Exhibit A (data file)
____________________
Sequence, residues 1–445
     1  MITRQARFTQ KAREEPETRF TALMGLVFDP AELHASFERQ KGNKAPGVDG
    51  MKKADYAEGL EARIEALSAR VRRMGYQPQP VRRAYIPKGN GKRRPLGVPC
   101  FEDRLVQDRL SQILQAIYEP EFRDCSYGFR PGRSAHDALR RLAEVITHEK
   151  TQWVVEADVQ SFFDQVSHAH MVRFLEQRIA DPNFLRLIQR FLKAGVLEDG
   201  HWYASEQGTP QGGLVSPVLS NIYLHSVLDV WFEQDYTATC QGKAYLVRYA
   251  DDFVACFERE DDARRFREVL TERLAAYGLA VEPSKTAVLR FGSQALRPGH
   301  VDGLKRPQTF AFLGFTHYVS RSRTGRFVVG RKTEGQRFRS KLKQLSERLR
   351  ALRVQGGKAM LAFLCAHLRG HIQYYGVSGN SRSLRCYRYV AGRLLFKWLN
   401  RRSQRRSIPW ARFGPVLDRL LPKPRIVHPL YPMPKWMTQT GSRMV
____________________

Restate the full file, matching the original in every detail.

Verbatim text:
Sequence, residues 1–445
     1  MITRQARFTQ KAREEPETRF TALMGLVFDP AELHASFERQ KGNKAPGVDG
    51  MKKADYAEGL EARIEALSAR VRRMGYQPQP VRRAYIPKGN GKRRPLGVPC
   101  FEDRLVQDRL SQILQAIYEP EFRDCSYGFR PGRSAHDALR RLAEVITHEK
   151  TQWVVEADVQ SFFDQVSHAH MVRFLEQRIA DPNFLRLIQR FLKAGVLEDG
   201  HWYASEQGTP QGGLVSPVLS NIYLHSVLDV WFEQDYTATC QGKAYLVRYA
   251  DDFVACFERE DDARRFREVL TERLAAYGLA VEPSKTAVLR FGSQALRPGH
   301  VDGLKRPQTF AFLGFTHYVS RSRTGRFVVG RKTEGQRFRS KLKQLSERLR
   351  ALRVQGGKAM LAFLCAHLRG HIQYYGVSGN SRSLRCYRYV AGRLLFKWLN
   401  RRSQRRSIPW ARFGPVLDRL LPKPRIVHPL YPMPKWMTQT GSRMV